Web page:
Series: Contact center planning

Multichannel customer service

When considering new contact center technology, it is usually a high priority to add new contact channels or use the ones you already have because:

  • Customers want to communicate with your organization using their preferred channel.
  • Multichannel offerings have become a competitive differentiator, enabling companies to expand the demographic and customer base.
  • Multichannel customer service supports blended and simultaneous interactions, which drives higher levels of agent and contact center productivity and efficiency.

Many contact centers evolved from “call only” into multichannel operations. Multichannel operations plan for and handle various contact channels, including emails, chat, SMS, video, social media, and proactive outbound dialing.

While multichannel servicing increases agent productivity and customer satisfaction, it also creates operational complexity. Training, performance management, measurement, quality, and forecasting and scheduling become exponentially more difficult with every channel you add to the contact center.


Discuss the following questions with your team:

  • Do you offer channels your customers want and use? How can you gather information about your customer’s desired channels – and their satisfaction with your current channel lineup?
  • Implementing new channels requires planning. Manage each channel in your contact center with equal discipline. Treat each new implementation as a unique project. Have you prepared effective training, staffing, metrics, and reporting to ensure that agents have the proper tools to support that channel?
  • Not all agents are skilled or trained for all channels. Agents who excel at voice communication might not have the written communications skills to respond successfully to emails and chats. Agents who successfully handle email might not have the right skills for the abbreviated, conversational communications social media interactions require. How do you determine the skills required for each channel? And how do you identify whether agents possess those skills? Do you train for them – or hire for them?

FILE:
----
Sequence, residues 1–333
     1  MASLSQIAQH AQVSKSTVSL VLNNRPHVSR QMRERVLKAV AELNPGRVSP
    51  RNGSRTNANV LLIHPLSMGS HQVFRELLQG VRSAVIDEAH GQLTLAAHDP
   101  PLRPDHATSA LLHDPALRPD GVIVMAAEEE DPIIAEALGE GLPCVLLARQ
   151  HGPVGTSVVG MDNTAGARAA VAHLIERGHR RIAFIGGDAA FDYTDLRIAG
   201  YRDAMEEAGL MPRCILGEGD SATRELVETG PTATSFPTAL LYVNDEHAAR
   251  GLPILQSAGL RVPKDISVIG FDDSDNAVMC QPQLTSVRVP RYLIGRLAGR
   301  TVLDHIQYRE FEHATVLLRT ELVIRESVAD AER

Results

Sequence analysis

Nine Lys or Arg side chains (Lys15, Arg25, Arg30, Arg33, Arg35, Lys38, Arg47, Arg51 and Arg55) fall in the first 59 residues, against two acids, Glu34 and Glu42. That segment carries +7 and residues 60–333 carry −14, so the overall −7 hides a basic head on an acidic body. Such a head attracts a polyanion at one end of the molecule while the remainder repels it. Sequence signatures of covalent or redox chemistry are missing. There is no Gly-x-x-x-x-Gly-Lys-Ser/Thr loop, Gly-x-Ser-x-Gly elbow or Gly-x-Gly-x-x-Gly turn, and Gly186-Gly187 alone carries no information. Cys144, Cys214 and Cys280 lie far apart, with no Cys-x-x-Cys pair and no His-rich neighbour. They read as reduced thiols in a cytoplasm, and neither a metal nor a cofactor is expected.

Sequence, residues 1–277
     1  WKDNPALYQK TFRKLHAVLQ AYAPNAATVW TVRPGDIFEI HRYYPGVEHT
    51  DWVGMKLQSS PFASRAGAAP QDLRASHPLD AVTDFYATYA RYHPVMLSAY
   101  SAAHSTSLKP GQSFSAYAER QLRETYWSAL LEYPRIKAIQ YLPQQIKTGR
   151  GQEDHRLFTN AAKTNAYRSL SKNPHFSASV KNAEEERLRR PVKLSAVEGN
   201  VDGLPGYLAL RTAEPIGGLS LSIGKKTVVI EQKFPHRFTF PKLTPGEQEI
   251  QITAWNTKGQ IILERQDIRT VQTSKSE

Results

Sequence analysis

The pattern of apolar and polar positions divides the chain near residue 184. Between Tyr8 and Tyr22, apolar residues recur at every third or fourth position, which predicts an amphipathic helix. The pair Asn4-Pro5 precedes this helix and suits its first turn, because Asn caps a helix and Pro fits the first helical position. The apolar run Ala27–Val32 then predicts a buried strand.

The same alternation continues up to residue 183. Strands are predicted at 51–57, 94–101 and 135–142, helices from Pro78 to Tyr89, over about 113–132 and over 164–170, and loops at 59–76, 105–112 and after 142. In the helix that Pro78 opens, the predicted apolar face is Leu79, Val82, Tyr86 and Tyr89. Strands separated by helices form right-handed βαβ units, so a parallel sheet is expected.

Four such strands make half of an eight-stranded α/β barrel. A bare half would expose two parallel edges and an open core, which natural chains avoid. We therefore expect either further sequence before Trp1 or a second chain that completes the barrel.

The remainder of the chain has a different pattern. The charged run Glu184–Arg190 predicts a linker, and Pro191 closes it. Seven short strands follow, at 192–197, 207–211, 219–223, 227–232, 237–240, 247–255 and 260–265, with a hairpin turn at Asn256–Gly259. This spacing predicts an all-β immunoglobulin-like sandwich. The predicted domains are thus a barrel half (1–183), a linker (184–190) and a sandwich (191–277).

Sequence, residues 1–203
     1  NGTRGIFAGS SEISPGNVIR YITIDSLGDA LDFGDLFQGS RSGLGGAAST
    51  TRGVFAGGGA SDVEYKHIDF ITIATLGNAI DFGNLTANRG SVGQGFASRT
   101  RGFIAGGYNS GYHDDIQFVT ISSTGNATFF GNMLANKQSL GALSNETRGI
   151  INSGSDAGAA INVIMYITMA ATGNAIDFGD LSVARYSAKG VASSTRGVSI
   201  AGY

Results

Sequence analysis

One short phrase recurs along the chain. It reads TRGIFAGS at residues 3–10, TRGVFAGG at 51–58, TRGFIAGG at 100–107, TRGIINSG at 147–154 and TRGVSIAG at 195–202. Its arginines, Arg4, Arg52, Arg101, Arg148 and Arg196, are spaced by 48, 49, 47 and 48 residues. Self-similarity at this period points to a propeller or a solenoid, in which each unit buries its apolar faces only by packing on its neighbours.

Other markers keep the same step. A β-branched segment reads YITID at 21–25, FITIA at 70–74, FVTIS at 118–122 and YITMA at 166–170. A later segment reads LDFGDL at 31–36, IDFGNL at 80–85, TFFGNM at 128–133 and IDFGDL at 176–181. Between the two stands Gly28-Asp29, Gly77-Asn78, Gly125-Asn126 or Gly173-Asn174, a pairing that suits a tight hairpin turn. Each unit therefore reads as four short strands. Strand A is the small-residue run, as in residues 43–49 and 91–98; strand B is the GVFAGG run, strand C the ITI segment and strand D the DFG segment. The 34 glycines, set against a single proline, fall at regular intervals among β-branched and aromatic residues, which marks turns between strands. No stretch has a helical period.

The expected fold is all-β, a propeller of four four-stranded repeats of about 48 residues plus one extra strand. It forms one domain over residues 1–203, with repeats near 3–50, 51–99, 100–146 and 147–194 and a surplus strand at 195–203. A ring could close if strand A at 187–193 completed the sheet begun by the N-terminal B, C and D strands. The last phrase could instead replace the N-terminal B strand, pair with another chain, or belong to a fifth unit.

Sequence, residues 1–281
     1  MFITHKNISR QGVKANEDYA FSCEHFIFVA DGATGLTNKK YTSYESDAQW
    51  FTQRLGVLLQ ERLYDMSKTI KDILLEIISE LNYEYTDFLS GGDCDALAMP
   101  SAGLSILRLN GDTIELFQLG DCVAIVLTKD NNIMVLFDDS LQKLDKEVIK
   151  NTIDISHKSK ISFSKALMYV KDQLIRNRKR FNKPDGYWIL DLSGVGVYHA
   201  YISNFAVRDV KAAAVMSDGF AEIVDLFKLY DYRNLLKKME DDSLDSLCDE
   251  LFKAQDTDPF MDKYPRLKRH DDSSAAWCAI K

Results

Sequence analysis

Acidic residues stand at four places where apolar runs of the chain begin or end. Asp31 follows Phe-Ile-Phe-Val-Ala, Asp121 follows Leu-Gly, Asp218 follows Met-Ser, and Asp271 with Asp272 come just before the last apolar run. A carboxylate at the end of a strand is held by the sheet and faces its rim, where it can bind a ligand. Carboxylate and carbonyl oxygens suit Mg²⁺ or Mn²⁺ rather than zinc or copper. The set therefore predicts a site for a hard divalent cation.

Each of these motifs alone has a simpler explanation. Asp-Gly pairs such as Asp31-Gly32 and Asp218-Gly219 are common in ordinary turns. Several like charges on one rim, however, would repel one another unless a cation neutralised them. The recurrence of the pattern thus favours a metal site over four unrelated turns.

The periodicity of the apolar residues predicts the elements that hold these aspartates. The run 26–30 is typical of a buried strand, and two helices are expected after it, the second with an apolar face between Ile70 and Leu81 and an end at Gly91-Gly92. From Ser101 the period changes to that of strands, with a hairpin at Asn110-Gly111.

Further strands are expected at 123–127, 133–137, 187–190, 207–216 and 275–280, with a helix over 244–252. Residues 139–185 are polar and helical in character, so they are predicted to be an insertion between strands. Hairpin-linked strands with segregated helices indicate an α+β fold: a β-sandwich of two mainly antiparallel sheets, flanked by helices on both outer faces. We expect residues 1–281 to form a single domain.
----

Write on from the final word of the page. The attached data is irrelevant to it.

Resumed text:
• What is the impact of a new channel on your overall contact volume? It might not be as simple as predicting that a new channel will reduce contacts in other channels. For example, adding email to your channel offerings might not reduce a “like” amount of interactions combined from the chat channel. Carefully examine all your assumptions.


Take the following actions before moving forward in the planning phase:

Preparation Assigned to Complete date

Document an overview of existing channels.

  • What is the overall distribution of contacts across all channels?
  • Are you meeting your objectives in each channel? If not, why?
  • What’s working? What are the pain points?
  • Where are gaps in service delivery for existing channels?

Validate the need for a new channel.

  • What do you hope to accomplish with the addition of this channel?
  • Why are you adding the channel? Responding to customer demand? Seeking to increase agent productivity?
  • What are the resources – people and technology – will successfully implement the new channel?

Define a rollout plan.

  • What are your objectives? And how do you measure success?
  • Will you initially implement a pilot or a full rollout? What are the risks and benefits associated with your selected approach?
  • How will this new channel fit into the existing channel line up? Do you expect to offload contacts from other channels?
  • What skill sets do agents require? Do those skills exist in the current agent pool? If not, should you hire new agents or train existing agents?
  • What are the reporting requirements for the new channel?


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